Dear Prudence chats live with readers at Washingtonpost.com.

Advice on manners and morals.
Feb. 8 2010 2:38 PM

Help! I'm Too Hot for My Age

Prudie counsels a woman whose youthful looks bring her nothing but problems—and other advice seekers.

Emily Yoffe, aka Dear Prudence, is on Washingtonpost.com weekly to chat with readers about their romantic, family, financial, and workplace problems. A transcript of this week's chat is below. (Read Prudie's Slate columns here.)

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Emily Yoffe: Let me state that I deplore violence, but I wish I'd been there to see your husband do his Russell Crowe on your brother-in-law's camera! It's a good thing he did it, too, or else millions might be enjoying the YouTube video of said lady parts. I'm glad you've been able to let it go. I agree a meeting to clear the air might help, but it's a bad idea to put the pre-condition that they have to "behave themselves forever." It's better to go into one of these summits simply with the desire to have them hear why you feel as you do. Dictating how they should respond is likely to prolong the difficulties.

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Washington, D.C.: The mom who hates her in-laws—I'd also point out that she gave in at the hospital. She didn't stand her ground. That's not their fault. If she wanted to stand up to them, she should've, but she didn't, so it's time to get over it. For reals. That is anger way out of proportion to the offense.

Emily Yoffe: It's hard to stand your ground when you're on your back pushing out the newest family member. Whatever the in-laws did, they should not have done. And when your cervix is dilating, you should be exempt from having to defend yourself from intrusive in-laws.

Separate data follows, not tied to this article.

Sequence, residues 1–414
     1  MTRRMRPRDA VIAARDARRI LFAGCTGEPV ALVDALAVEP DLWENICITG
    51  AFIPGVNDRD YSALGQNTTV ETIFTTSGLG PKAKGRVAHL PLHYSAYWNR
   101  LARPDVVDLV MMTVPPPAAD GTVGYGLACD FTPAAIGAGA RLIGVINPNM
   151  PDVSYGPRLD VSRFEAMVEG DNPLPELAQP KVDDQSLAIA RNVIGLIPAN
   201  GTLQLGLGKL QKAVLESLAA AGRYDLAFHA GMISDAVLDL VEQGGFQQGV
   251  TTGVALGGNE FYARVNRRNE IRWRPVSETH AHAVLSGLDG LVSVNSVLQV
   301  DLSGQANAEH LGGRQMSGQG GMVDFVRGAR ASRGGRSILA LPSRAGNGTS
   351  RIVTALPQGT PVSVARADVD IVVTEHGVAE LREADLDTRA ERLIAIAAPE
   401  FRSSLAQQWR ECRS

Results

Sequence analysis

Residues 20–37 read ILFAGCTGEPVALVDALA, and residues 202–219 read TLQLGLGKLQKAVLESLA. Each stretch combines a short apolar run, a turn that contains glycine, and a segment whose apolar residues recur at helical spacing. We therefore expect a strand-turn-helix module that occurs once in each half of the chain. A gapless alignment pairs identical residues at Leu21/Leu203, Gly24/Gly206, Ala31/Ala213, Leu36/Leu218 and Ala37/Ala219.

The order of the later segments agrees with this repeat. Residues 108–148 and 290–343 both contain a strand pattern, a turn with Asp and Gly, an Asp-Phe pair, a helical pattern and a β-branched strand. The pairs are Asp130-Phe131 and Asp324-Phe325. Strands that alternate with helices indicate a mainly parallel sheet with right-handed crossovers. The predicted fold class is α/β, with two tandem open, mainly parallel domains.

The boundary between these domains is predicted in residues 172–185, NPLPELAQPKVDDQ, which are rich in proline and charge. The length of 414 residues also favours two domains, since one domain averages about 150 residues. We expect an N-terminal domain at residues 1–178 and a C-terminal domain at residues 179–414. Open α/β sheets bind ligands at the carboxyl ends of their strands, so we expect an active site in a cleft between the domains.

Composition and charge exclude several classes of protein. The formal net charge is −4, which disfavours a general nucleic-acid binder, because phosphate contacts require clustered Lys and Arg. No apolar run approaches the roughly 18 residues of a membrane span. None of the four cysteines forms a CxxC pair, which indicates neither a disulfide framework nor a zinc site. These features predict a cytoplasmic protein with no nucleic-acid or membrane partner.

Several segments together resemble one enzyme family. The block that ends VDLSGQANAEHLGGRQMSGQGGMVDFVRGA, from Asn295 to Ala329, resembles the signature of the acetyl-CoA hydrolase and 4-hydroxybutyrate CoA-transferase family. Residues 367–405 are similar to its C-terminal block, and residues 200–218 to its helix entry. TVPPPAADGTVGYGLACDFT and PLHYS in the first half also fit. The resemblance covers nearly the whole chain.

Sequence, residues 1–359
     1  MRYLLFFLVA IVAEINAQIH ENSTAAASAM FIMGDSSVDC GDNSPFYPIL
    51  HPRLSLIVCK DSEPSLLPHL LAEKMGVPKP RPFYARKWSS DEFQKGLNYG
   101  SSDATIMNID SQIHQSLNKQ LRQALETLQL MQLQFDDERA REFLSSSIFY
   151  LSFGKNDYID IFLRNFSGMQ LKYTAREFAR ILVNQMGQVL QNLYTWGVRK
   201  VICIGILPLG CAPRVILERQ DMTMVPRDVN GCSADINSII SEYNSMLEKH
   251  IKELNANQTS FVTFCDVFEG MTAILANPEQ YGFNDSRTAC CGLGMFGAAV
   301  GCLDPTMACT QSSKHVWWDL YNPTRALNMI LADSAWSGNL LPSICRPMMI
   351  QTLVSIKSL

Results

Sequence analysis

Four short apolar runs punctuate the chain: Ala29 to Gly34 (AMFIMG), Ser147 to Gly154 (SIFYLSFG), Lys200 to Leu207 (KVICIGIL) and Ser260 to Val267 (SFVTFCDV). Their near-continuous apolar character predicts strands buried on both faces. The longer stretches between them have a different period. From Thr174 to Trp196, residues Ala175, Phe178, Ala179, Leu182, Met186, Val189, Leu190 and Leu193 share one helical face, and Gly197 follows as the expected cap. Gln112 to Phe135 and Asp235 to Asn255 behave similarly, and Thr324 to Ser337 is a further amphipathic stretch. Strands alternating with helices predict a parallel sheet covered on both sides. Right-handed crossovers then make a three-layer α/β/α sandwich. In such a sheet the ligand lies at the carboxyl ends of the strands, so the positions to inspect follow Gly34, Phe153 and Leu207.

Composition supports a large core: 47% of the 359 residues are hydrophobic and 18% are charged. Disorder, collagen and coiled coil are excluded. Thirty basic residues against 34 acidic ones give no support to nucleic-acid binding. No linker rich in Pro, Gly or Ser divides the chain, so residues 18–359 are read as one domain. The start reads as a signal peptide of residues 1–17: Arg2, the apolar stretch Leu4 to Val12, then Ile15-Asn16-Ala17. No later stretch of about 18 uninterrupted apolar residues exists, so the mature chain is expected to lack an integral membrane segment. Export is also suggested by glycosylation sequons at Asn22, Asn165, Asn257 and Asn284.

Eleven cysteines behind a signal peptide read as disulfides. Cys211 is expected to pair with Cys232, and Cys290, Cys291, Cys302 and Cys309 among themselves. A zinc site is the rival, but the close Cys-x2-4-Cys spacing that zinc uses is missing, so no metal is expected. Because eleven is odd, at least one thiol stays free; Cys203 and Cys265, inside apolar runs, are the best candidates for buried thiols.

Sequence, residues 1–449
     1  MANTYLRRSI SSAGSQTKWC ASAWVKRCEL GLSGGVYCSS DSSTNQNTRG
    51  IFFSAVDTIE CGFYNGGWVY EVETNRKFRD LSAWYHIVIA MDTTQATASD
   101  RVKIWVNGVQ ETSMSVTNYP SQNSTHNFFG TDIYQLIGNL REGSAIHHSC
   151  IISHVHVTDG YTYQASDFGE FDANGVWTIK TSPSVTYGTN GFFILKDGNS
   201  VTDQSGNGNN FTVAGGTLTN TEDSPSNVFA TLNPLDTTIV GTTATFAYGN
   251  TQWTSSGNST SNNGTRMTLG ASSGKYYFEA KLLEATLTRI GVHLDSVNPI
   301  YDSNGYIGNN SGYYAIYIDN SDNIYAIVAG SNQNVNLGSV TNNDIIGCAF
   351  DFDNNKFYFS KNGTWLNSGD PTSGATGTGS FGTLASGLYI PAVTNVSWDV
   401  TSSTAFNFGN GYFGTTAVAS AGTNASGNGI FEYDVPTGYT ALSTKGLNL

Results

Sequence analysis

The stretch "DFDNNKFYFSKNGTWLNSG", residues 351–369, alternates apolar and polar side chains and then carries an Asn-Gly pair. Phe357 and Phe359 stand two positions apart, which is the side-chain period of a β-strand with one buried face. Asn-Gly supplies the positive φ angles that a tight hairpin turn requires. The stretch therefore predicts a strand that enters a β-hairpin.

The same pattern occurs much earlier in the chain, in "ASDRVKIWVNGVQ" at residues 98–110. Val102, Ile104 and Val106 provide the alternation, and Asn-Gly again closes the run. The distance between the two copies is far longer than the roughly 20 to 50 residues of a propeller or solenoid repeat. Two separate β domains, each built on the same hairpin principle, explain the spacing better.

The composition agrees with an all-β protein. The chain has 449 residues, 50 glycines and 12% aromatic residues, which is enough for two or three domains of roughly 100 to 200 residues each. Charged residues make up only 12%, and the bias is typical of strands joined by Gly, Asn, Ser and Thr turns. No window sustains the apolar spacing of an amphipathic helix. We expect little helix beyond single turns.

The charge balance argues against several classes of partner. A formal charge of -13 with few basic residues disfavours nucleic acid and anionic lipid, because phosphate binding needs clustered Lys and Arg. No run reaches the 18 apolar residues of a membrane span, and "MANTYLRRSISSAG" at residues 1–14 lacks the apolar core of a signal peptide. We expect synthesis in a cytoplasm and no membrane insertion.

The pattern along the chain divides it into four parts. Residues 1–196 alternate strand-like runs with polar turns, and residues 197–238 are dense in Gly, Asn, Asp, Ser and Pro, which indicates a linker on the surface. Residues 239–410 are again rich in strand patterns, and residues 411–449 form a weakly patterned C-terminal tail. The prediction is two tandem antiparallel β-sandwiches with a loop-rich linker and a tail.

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New York, NY: Re: Cleveland, whose friend is getting married...

My friends did the same thing for me before my wedding, and I really did think that no one cared about me before the "big day." Although it was a wonderful surprise when it happened, and I did really enjoy myself at their well-planned party, I spent the couple of weeks before my wedding re-thinking years of (wonderful) friendship, because I thought that they didn't care enough about me to plan anything. So I think you guys should re-think your plans

Emily Yoffe: This is exactly the problem with the surprise bachelorette party. To carry it off, all the friends have to pretend they are totally busy with their own lives and not planning anything for the bride. The surprise is not worth the hurt feelings that will build up beforehand.

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Emily Yoffe: Thanks, everyone. Talk to you next week—after I dig out of the avalanche.

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